Early signs: a possible MS diagnosis
Six weeks ago, on a Friday night I was driving home from work and suddenly had double vision. In the couple of weeks leading up to this I’d become sensitive to light and thought I just needed to invest in some good sunglasses.
For six months I’d thought I had a trapped nerve in the back of my neck. I had pins and needles in my right hand, sometimes both hands. Every time I bent my head forward I had a strange sensation like electricity down my spine and my knees would tingle. I’d have vibrations in different parts of my body Iike I’d eaten a mobile phone.
Carrying on with life
I carried on with life, teaching Taekwondo, helping my brother move house, carrying lots of music kit around for sessions with young people. My neck didn’t get better, but I just thought I’d kept aggravating it.
With double vision and dizziness, I felt like I would sometimes feel after drinking too much ale. I had to grab on to backs of chairs and lean against walls.
I was apologising for not being well. I thought it was an eye infection.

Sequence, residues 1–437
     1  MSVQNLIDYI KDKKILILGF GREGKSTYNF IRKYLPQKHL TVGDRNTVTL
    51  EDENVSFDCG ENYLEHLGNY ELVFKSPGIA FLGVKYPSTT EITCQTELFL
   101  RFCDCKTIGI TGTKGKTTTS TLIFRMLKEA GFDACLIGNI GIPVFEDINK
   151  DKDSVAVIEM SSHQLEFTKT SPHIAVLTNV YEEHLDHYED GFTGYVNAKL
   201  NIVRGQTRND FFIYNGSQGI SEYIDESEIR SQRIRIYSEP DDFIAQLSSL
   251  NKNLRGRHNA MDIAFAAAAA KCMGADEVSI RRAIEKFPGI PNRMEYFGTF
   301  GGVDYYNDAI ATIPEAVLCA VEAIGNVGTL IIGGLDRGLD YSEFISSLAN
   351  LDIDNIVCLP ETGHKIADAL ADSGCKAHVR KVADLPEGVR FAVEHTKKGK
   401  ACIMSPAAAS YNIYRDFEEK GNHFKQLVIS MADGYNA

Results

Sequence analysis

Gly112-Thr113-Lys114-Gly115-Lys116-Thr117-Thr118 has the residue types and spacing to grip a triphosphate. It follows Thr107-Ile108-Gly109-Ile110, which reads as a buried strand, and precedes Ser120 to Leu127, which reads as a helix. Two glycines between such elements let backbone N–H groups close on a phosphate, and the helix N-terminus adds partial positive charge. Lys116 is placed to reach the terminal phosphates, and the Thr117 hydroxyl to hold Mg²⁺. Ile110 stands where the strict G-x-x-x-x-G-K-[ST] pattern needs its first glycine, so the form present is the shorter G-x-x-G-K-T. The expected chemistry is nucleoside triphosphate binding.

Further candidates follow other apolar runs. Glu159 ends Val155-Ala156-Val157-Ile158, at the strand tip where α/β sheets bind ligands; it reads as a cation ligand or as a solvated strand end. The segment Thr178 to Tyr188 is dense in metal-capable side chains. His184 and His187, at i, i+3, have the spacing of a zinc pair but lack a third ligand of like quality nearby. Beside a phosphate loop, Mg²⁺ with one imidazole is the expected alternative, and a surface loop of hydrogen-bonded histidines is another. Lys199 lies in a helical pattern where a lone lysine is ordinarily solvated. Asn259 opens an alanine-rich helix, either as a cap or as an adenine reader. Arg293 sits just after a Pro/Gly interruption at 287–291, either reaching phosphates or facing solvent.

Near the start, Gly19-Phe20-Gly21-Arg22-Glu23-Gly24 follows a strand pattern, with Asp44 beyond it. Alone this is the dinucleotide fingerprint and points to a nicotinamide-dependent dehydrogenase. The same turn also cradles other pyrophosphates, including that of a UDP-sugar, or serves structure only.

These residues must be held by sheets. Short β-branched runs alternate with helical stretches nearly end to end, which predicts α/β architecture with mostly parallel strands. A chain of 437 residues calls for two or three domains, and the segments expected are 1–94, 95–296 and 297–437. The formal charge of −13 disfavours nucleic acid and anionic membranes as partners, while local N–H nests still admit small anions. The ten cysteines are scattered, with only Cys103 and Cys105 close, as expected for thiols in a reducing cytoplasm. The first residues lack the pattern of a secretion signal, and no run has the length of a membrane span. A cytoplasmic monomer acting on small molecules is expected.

I saw my doctor. He did some tests. He talked about referring me to a neurologist. I insisted that he told me what he thought.
He told me he thought it could be MS.
Since then I’ve seen a neurologist, and he thinks it’s MS too. I’m waiting for an MRI scan. I’m pleased that the doctor told me what he thought it was. If he hadn’t, I would have been really scared.
During the last six weeks I’ve had times when I found walking difficult, I’ve had heavy legs and my feet dragging, my balance is not very good at all. I’ve lost the feeling in my hands and feet at different times. I’ve become really sensitive to heat, especially hot water - so now I take tepid showers. I’ve had spasms and I’ve been unbelievably tired with barely any focus or energy.
Seeing the world in a different way
I’ve been lucky because I’ve been able to read about other people’s experience with MS and I haven’t felt alone. I’ve started looking at the world in a different way. I know it’s just the start of the journey and I know it’ll be OK.
I still need to invest in a new pair of sunglasses.
Since then I’ve seen a neurologist, he thinks it’s MS too. I’m waiting for an MRI scan. I’m pleased that the doctor told me what he thought it was. If he hadn’t, I would have been really scared.